• Dawn, (Now what made me think you were male? Maybe it's because almost all the 'Fed up people' I know are men - however normally they don't have a good reason to be fed up!)

    Sorry I'm so slow responding - couldn't access this page - wrong password because my Password Manager app has just migrated to my mobile taking all my passwords with it and I'm having difficulty accessing it. Just had to reset my password completely!

    It's been a busy few days with visits with friends and family. It is great to have visitors but she has tears when they leave and she remembers why they have come. It was hard when there was a visit from the husband of her sister, who died a few years ago of lung cancer after 3 years of chemo. Fortunately he is so supportive and we were reminded that she was given weeks to live but used the 3 years to the full.

    At least the steroids seem to have given her a boost of energy and she's something like her previous self much of the time. We had fun when she inadvertently doubled the dose for a couple of days and she went hyper. Thank goodness none of our children had ADHD - we, and certainly I, would never have coped!

    Working out in the garden and on my allotment has been my saviour through lockdown and, with some adjustment, I hope will continue to be a help. Sorry to hear you are not able to get the best out of this weather. Keep your pecker up and ignore the idiots spouting rubbish. There are too many 'armchair warriors' who think they know all the answers!


  • Hello Steve, I am ashamed not to have reied. I have since met Mr. Douglas and discovered he was asked to assist at my operation. He is a good chap.   I don't know how things have gone for ypur Wife, so I hope you don't mind me writing this.   

    Dawn x

  • Dawn,

    Good to hear from you!

    For us it is good news but a long story!

    Cynthia got very upset at the 'death sentence' (as she saw it) of palliative chemo to slow the cancer and kept on about exploring surgery despite going through the chemo with little in the way of side effects and the cancer being reduced considerably.

    The kidney nurse realised she had lost confidence in the oncology and asked the surgeon at Bournemouth to explain why surgery was not being suggested. He did an excellent job explaining why he couldn't do it but said he knew of surgeons at Southampton who were 'doing this sort of thing' and asked did we want a referral. She, of course, said yes.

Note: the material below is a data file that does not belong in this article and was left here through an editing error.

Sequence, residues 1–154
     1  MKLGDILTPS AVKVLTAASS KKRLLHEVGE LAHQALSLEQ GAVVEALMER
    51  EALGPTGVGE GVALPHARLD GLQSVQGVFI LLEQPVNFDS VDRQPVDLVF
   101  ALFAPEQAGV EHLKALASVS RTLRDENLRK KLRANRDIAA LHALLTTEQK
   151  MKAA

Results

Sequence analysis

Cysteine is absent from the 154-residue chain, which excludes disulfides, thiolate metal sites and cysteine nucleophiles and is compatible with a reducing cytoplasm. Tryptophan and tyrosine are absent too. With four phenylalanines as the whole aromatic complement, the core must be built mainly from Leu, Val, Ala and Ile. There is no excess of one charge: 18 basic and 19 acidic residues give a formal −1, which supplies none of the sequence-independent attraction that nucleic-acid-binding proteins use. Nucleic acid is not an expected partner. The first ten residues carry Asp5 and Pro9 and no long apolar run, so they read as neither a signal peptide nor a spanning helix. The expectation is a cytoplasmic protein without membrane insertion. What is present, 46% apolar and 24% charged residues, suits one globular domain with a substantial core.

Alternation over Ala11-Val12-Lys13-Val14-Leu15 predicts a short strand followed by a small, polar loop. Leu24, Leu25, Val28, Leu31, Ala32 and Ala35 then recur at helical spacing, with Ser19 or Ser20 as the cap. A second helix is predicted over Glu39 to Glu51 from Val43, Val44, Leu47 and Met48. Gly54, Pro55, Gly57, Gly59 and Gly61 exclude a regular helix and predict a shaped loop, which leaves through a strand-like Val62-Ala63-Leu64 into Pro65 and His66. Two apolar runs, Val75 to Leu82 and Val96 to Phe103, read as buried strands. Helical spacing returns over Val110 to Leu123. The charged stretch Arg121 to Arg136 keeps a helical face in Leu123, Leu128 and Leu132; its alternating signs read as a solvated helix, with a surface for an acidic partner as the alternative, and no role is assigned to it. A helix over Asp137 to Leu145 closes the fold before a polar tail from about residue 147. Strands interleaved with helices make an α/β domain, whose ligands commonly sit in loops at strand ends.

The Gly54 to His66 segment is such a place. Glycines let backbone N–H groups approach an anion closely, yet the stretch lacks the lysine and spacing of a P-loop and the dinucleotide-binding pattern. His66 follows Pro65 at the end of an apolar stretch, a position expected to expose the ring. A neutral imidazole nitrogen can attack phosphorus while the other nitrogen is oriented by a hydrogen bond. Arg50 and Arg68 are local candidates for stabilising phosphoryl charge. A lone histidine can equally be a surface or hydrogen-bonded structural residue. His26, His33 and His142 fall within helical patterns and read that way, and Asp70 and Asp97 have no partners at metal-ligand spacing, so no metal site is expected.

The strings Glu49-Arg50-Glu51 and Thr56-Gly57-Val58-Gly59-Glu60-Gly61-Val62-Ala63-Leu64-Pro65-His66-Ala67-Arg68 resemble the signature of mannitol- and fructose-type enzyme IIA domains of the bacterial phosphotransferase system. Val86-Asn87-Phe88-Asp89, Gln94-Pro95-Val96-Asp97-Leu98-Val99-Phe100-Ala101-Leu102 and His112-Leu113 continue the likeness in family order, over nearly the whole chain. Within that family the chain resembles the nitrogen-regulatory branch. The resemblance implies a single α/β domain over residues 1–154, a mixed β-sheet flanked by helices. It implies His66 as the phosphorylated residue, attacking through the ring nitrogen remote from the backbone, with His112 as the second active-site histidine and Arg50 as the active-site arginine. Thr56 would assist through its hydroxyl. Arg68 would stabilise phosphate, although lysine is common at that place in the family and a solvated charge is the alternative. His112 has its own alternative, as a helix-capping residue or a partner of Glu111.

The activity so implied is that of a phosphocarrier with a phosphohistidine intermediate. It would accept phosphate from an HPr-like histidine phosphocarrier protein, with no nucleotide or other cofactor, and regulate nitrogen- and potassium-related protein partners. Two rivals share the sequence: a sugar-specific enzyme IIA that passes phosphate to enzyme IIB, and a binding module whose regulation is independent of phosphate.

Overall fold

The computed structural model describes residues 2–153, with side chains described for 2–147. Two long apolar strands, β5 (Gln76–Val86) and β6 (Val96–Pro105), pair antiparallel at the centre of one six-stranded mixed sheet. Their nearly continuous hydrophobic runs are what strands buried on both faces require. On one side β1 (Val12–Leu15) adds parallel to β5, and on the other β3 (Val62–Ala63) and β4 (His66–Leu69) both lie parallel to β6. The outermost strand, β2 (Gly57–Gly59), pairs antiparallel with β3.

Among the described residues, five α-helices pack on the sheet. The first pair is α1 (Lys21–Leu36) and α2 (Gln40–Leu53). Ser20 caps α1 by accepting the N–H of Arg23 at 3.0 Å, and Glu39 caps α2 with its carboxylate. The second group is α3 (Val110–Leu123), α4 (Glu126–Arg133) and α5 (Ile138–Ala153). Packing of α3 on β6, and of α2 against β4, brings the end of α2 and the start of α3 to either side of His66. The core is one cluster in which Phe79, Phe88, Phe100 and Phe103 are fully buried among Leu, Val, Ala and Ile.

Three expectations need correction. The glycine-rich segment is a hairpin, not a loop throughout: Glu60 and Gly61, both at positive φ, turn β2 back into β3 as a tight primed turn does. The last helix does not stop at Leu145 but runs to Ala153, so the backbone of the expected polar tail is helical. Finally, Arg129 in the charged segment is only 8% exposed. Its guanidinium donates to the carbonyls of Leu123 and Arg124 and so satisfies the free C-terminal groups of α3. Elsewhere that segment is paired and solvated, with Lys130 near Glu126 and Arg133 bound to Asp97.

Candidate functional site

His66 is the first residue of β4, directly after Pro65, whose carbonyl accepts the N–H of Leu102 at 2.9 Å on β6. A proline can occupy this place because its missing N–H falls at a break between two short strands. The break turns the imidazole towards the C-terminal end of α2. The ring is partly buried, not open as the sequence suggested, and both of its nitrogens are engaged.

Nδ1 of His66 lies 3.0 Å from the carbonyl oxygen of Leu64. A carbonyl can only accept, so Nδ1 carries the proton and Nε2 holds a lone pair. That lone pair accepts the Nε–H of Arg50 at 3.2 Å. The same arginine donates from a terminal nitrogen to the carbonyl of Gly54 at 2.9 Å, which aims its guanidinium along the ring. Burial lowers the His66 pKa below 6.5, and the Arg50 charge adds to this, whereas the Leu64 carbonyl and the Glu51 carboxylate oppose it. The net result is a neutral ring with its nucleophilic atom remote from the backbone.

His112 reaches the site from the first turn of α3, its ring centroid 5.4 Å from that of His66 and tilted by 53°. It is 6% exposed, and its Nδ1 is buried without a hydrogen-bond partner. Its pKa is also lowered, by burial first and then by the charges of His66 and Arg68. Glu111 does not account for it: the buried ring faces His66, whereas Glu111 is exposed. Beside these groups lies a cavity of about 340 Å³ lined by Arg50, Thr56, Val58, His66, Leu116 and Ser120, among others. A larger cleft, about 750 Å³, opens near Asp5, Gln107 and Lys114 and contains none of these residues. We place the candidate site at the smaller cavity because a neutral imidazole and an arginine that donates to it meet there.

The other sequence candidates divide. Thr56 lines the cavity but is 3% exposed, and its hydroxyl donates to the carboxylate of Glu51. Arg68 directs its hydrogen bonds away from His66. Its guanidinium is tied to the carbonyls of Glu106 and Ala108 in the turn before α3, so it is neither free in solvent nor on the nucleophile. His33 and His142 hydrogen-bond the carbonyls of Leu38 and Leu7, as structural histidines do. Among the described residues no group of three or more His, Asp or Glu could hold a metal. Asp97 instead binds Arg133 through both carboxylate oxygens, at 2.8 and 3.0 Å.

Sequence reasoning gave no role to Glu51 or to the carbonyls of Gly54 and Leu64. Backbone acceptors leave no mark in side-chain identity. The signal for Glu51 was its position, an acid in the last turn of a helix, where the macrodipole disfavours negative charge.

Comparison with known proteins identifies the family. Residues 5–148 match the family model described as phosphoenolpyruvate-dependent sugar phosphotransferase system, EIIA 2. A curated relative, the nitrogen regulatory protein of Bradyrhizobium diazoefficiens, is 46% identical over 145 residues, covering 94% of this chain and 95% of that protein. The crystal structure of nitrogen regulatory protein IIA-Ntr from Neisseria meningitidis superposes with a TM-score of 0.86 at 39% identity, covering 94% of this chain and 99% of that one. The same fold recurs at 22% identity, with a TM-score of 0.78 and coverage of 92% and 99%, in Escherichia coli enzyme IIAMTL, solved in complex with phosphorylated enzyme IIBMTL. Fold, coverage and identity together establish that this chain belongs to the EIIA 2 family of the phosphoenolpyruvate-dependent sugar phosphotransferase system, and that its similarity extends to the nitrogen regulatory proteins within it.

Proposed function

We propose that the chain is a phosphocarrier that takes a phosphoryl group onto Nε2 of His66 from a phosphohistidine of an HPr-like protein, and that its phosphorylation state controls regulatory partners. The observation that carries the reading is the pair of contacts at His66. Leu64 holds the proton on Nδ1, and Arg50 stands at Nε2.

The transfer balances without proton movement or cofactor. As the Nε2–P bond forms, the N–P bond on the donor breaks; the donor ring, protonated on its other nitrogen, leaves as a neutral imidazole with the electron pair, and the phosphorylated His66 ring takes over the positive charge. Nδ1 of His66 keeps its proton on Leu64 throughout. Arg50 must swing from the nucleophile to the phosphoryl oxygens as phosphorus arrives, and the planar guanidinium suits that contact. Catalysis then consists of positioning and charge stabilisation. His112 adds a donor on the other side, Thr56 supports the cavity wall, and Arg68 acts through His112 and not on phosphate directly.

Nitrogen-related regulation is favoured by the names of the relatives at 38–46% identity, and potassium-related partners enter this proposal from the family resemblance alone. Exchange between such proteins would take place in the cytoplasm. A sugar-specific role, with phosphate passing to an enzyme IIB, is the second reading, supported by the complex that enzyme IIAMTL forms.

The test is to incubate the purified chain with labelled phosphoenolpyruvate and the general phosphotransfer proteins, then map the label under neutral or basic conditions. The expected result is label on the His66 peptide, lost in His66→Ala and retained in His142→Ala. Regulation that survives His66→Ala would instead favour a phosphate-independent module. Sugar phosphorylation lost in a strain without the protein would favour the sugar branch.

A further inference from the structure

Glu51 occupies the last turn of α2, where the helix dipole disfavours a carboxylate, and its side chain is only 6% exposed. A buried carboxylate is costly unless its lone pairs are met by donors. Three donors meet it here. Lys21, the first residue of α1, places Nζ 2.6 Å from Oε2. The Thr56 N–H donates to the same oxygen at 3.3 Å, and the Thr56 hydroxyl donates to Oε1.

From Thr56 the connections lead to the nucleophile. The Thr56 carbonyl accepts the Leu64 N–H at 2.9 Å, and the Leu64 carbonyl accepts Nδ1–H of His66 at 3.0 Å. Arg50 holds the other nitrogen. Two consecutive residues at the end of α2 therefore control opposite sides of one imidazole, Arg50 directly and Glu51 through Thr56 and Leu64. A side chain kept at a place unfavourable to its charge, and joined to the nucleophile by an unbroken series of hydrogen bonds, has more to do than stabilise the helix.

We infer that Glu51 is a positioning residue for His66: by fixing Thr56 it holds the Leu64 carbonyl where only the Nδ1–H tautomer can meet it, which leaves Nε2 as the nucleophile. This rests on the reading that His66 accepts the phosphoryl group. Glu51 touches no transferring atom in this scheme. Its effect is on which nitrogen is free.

So we met Mr Douglas and Cynthia was scheduled for the 'experimental' operation.

    The first attempt failed as there was no 'high dependency bed' for after the op and I had to go back and collect her. She has been all prepped and psyched up for the op but was given a date for 3 weeks later.

    However, the following Monday we had a call asking if we would take a cancellation and said yes.

    Apparently, while Mr Douglas was away, Mr Hayes, his mentor, had a cancellation and Cynthia was the only person ready, prepped to go.

    It was a long op and there were some problems. They nearly lost her twice and she lost her spleen in the process so is on antibiotics for life - but it is LIFE - as the cancer appears to be gone - for now at least.

    She was in hospital for a long time (13 days) but Mr Hayes visited her every day and was very happy and ready to send her home sooner but haematology weren't happy with her blood so kept her in longer.

    She is recovering slowly and still tires very quickly but we celebrate her birthday at the end of the month - something we could only dream of before.

    Unfortunately, however, an old knee injury has reappeared and is limiting her.

    We bought a Motorhome to try to get away but found it too limiting when on site so lost some money reselling it - but we still had the caravan and have had a weekend away in that with great success.

    We meet Mr Hayes in January for the next checkup and if there is no sign of cancer he plans longer intervals between checks.

    A truly miracle outcome for us!

    I do hope you are progressing well and this story shows miracles are still possible.

    Thinking of you.


    PS Cynthia has just told me Mr Douglas came back and assisted at the op and visited her afterwards a couple of times. He was supposed to be at a conference then on holiday!

    You are in good hands!

    PPS I said it was a long story!”